Fast Fashion, Migrant Labor and Urban Villages in Southern China
In this interview Nellie Chu elaborates on the interplay between the fast fashion industry, urban villages, and migrant labor in Southern China. The discussion provides a comprehensive examination of the post-socialist transformations in China, shedding light on the unique labor practices, land dynamics, and personhood transformations that shape the global supply chains of fast fashion. Through an exploration of urban villages as key facilitators of low-cost manufacturing and entrepreneurial ventures, the interview offers valuable insights into the evolving landscape of labor and production in the region. This academic perspective opens new avenues for understanding the complexities of the fast fashion industry and its socio-economic impact on Chinese society. Moreover, the interview explores the influence of key factors like the Covid-19 pandemic and digital media on the evolving dynamics of labor and production in this context.
Nellie Chu discusses the following questions:
1. How do the unique characteristics of urban villages and the influx of migrant labor in Southern China, particularly in Guangzhou, contribute to the functioning and dynamics of the fast fashion industry?
2. What is the significance of small-scale household workshops, or “jiagongchang,” in global fast fashion supply chains?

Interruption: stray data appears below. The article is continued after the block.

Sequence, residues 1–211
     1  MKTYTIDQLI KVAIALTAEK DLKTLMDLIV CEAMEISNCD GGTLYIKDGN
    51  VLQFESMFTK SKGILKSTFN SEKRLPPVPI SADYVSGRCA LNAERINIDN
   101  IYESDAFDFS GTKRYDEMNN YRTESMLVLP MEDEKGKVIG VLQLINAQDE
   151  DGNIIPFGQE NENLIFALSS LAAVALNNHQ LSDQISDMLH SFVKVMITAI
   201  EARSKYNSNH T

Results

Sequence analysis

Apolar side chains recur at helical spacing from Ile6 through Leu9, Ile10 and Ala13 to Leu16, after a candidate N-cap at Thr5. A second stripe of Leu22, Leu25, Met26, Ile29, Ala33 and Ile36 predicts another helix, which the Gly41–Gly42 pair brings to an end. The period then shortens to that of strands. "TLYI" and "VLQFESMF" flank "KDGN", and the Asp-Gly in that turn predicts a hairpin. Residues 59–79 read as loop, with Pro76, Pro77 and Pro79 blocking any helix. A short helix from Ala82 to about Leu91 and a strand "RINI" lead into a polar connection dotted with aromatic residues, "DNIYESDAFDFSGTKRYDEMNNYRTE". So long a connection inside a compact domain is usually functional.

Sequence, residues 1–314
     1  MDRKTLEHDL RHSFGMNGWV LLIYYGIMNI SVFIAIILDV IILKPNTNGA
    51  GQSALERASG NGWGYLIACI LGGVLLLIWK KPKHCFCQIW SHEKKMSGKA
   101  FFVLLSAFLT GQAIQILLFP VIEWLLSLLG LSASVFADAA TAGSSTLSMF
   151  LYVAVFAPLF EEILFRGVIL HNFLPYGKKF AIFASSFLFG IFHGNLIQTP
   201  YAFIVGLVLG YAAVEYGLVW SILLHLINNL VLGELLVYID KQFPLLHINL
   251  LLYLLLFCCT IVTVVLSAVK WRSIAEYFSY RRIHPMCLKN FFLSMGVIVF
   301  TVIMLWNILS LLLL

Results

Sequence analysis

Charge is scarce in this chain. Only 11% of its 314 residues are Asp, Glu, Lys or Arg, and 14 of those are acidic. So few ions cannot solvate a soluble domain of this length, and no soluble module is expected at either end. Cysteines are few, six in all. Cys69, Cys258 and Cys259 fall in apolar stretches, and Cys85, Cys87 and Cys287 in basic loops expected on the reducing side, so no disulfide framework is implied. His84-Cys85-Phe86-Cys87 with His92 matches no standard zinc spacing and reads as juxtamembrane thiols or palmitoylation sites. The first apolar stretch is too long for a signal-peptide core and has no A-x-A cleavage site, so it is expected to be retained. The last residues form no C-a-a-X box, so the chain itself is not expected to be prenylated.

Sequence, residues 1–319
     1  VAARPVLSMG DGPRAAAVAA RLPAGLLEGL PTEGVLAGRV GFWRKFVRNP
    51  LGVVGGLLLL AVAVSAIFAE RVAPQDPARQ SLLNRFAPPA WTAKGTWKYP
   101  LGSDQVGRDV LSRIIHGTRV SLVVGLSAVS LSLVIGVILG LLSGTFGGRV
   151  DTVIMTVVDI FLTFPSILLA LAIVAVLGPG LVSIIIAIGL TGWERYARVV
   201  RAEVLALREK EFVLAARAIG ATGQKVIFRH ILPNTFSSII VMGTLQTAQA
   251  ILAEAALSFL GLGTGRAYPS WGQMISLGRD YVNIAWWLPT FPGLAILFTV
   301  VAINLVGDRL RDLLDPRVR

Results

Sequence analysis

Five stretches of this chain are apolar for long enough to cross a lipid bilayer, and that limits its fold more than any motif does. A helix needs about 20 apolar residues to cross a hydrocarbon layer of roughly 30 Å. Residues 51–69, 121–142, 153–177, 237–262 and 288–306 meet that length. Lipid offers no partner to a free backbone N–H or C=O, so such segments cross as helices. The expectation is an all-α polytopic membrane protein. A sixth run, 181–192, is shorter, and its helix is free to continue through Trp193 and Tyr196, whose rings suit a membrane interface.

3. How do household workshops challenge the assumption of mass production and the “Made in China” label? How do they influence the perception of labor as a stepping stone to entrepreneurship, while also exposing workers to risks and precarity?
4. In what ways does the “Hukou” household registration system, along with gender dynamics, influence the perspectives and work dynamics of migrant workers who remain tied to their rural origins despite being employed in metropolitan regions far away from their homes?
5. Could you briefly discuss the broader impact of the Covid-19 pandemic and strict lockdown measures on the fast fashion industry, as well as provide insights into how these circumstances have shaped the perspectives of migrant workers?
6. In your upcoming book, you delve into the realm of digital media and explore the impact of live streaming within the fast fashion industry. Could you provide us with further insights into your research?
Nellie Chu is a cultural anthropologist specializing in the anthropology of post-socialist China and the ethnography of global supply chains. She received her Ph.D. degree in Cultural Anthropology from the University of California, Santa Cruz, and her B.A. in International Relations from the University of California, Davis. Inspired by the classic ethnographies of Margery Wolf, her research focuses on transnational capitalism, migration, counterfeit culture, gendered labor, industrialization, and urbanization. Her current book manuscript examines how Chinese, African, and South Korean migrant entrepreneurs in Guangzhou, China synchronize their life trajectories and changing subjectivities of labor with the cycles that link the global commodity chains of fast fashion. Her work aims to demystify the globally-recognized “Made in China” label and shed light on the proliferation of small-scale and informal garment workshops and wholesale sites that connect China with other countries across the Global South. She emphasizes the importance of finely tuned historical and ethnographic analyses in understanding the spatial and temporal intersections between China’s post-socialist transformations and the emergence of transnational subcontracting.